Medvedev calls on counter-intelligence to protect state secrets

Counter-intelligence should remain a key priority for Russia’s Security Service (FSB) because of spies’ interest in state secrets, President Dmitry Medvedev said during a meeting with the agency’s board.

"The foreign special services' interest in our state secrets and newest developments remains high," Medvedev said. Therefore, the president urged the country’s intelligence to respond promptly “to any attempts to collect classified information”. Criminal cases should be initiated whenever such facts are spotted.

For his part, the head of state promised to provide support for the agency and its employees.

The focus of Medvedev’s meeting senior FSB officials on Thursday was, quite obviously, state security. Among major tasks in that respect the president named the necessity to provide the most up-to-date equipment at Russian borders.

"The border should have modern equipment installed, and much has been accomplished in this field in the recent past,” he said as quoted by Itar-Tass. “Also, the border must be convenient for citizens and the development of trade-economic relations with partners."

He drew the officials’ attention to the new rules for the border guards following the launching of the Customs Union of Russia, Belarus and Kazakhstan.

Meanwhile, Moscow will continue helping Abkhazia and South Ossetia to strengthen their borders.

"It is a special task for the Border Service, in connection with the commitments Russia has undertaken," he said.

Following the war in South Ossetia launched by Georgia in August 2008, Russia recognized the independence of the two Caucasian republics and has been providing support for the new states.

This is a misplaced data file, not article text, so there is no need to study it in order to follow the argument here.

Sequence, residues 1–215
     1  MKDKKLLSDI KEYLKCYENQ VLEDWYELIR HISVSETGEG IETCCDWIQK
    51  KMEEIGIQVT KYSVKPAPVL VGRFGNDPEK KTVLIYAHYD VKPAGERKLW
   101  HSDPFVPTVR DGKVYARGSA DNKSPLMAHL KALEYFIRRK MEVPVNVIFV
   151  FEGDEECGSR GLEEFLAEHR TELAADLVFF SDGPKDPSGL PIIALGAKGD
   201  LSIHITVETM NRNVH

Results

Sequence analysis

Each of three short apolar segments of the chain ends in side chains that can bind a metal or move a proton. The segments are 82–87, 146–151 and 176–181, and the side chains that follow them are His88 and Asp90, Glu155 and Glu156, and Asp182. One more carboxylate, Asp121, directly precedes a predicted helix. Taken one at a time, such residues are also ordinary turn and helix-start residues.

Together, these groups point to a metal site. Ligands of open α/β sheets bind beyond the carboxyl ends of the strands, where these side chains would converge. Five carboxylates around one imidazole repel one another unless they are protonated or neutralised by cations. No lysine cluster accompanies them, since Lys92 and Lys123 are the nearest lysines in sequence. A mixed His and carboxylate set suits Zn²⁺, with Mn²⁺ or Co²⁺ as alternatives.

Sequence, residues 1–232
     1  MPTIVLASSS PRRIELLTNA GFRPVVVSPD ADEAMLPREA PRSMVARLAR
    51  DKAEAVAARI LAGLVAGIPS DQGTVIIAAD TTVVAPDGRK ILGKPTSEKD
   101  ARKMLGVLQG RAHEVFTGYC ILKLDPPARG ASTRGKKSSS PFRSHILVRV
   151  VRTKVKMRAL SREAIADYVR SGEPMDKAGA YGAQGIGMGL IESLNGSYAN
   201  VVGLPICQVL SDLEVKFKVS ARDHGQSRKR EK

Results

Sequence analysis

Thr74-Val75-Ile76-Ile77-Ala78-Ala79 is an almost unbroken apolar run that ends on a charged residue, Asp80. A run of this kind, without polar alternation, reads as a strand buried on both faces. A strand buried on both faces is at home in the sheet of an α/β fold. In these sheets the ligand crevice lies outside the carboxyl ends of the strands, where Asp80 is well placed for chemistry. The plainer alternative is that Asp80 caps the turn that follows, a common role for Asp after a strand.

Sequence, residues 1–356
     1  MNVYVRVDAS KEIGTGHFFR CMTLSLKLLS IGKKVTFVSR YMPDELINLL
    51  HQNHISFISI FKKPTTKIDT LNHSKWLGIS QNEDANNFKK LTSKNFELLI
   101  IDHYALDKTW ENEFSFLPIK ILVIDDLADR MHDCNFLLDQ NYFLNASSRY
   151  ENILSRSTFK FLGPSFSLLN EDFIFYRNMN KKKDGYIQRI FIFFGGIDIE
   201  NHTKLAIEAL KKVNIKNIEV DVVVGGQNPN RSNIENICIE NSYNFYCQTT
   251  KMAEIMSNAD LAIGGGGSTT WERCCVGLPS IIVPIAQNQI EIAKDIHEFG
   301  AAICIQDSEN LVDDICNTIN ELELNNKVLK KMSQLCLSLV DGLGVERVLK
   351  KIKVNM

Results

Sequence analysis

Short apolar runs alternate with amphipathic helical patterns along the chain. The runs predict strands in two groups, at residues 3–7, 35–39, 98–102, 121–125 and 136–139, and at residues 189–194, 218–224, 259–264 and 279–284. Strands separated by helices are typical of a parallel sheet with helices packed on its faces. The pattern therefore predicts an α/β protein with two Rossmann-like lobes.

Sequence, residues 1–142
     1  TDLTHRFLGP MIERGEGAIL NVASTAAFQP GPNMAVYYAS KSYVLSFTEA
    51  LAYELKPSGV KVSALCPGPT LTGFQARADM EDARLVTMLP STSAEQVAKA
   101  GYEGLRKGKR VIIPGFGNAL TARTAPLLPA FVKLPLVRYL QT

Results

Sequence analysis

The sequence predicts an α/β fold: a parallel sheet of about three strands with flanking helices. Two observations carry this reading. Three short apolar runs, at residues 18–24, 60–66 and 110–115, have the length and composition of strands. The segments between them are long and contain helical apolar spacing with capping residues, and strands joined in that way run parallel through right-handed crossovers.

According to the Russian Ambassador to Abkhazia, Sergey Grigoryev, within the next three years the republic will receive over $300 million from the Russian budget as part of an agreement to provide help towards Abkhazia's socio-economic development.

Terrorism remains main threat

President Medvedev said that he is satisfied with the FSB’s work in 2009 and the agency managed to accomplish its tasks. Over 80 terrorist attacks were prevented and 500 leaders and members of militant groups were neutralized, thanks to security forces efforts.

However, "criminal attacks in Ingushetia, Dagestan and Chechnya show that terrorism is the main threat for society," he cautioned.

Therefore, Medvedev has called on the federal security service to continue "systematic work to neutralize criminal groups, their leaders and people who carry out terrorist attacks." He added that terrorism had to be fought by the authorities and society together.

Not a single week passed without reports of attacks on officials and security forces in Russia’s North Caucasus region in 2009. As a result of the surge in violence, over 230 police officers and troops were killed and over 680 wounded.

In an attempt to bring stability to the region, in January this year, President Medvedev established a new, North Caucasian, federal district. Former Siberian governor and business executive Aleksandr Khloponin was appointed deputy prime minister and president's envoy to the district.

The President said he hoped the newly-appointed official would manage to cope with the region's worst evil – corruption.

"[The corruption level] is high in the whole country, and exceptionally high in the Northern Caucasus, and it is necessary to bring order to local authorities. We must strictly control the use of budgetary funds, because the allocations are large and the efficiency [is low] as you all know," Medvedev was quoted by Interfax. "In turn, I will keep an eye on governors and law enforcers," he added.

Khloponin was present at Thursday’s meeting, along with Presidential Administration Chief Sergey Naryshkin, Supreme Court Chairman Vyacheslav Lebedev, Prosecutor General Yuri Chaika, Security Council Secretary Nikolay Patrushev, Deputy Prime Minister Sergey Ivanov and Deputy Prime Minister Igor Sechin.